Most EU lawyers have already seen it looming on the horizon: On 16 June 2021, former Advocate General (AG) Eleanor Sharpston lost the legal dispute against her former employer, the European Court of Justice (CJEU). The CJEU confirmed that the General Court (GC) had not erred in holding that acts adopted by the representatives of the governments of the Member States are not amenable to judicial review by EU Courts. Although the outcome in this regard was predictable, the decision is overall somewhat unsatisfying. Indeed, the case gives rise to a number of interesting questions of EU primary law regarding the AGs’ legal status and mandate. Commentators have eagerly discussed these questions on this Blog and elsewhere; some of them questioning the lawful composition of the CJEU. What it all boils down to, is the question as to whether the AGs’ mandate is necessarily tied to the nominating Member State. The CJEU seems to be of that opinion in finding that Sharpston’s mandate ended automatically (ipso iure) with the United Kingdom’s withdrawal from the EU in accordance with Article 50(3) TEU and the Withdrawal Agreement. The Court does so without revealing its legal considerations and interpretation of EU primary law in its reasoning.
A Short Walk Down Memory Lane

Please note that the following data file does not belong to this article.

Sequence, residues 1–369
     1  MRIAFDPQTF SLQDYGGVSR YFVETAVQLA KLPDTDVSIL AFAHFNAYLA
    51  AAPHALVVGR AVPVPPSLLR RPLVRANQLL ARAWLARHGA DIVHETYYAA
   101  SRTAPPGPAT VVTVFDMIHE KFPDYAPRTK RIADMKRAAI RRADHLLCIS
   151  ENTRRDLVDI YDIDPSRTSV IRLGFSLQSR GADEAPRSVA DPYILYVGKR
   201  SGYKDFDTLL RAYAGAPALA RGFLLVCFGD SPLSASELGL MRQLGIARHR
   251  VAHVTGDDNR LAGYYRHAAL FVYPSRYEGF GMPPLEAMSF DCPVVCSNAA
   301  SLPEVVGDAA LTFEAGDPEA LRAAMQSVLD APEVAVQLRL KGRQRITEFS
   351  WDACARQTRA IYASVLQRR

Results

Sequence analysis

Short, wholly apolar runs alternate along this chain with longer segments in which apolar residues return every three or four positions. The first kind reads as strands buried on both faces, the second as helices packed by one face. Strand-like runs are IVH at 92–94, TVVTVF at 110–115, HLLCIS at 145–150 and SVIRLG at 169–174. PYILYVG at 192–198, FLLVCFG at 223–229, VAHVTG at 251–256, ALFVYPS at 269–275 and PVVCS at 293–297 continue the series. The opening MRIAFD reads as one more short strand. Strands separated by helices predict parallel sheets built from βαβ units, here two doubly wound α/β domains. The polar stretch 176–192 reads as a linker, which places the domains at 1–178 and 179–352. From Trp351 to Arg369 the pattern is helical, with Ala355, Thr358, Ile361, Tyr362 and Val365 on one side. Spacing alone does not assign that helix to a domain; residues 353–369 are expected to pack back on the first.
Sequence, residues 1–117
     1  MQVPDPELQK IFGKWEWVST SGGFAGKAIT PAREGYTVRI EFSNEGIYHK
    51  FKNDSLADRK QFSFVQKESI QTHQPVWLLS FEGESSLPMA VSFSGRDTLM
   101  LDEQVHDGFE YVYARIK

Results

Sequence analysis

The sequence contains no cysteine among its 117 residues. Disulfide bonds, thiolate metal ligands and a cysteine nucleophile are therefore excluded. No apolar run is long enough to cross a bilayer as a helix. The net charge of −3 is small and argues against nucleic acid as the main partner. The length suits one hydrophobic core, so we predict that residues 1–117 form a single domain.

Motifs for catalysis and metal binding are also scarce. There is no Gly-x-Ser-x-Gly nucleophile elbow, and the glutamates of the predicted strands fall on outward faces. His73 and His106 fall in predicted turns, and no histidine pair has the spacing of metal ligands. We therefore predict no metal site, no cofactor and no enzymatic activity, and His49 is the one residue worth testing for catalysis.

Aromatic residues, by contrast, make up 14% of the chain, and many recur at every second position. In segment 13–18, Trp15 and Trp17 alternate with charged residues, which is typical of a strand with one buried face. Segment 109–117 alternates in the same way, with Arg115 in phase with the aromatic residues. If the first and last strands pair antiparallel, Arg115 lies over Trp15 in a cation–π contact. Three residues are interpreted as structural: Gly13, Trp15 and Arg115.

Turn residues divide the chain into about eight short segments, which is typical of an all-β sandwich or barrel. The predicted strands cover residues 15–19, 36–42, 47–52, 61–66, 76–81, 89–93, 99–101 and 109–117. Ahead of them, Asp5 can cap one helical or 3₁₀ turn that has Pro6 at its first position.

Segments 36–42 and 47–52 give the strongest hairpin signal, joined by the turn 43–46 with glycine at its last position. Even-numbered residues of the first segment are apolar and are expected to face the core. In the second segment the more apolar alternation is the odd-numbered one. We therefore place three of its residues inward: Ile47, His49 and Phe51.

Eleanor Sharpston served as AG, nominated by the government of the United Kingdom (UK), from 2005 to 10 September 2020. Her mandate would have ended on 6 October 2021, had it not been for the UK’s withdrawal from the EU. Indeed, the UK’s upcoming withdrawal from the EU triggered a string of events, resulting in – according to Sharpston – the premature end of her mandate: On 29 January 2020, the Conference of the Representatives of the Governments of the Member States adopted a declaration on the consequences of the withdrawal of the UK for the AG of the CJEU. In this declaration, the conference reiterated that the Treaties would cease to apply to the UK from the date of entry into force of the Withdrawal Agreement pursuant to Article 50(3) TEU. In addition, the Conference held that, consequently, the mandates of the members of institutions, bodies, offices and agencies of the Union who were nominated, appointed or elected in relation to the UK’s membership of the EU would end with Brexit. The permanent post of AG which was assigned to the UK on the basis of a declaration of the Member States attached to the Act of Accession of 1995 would subsequently become part of the rotation system.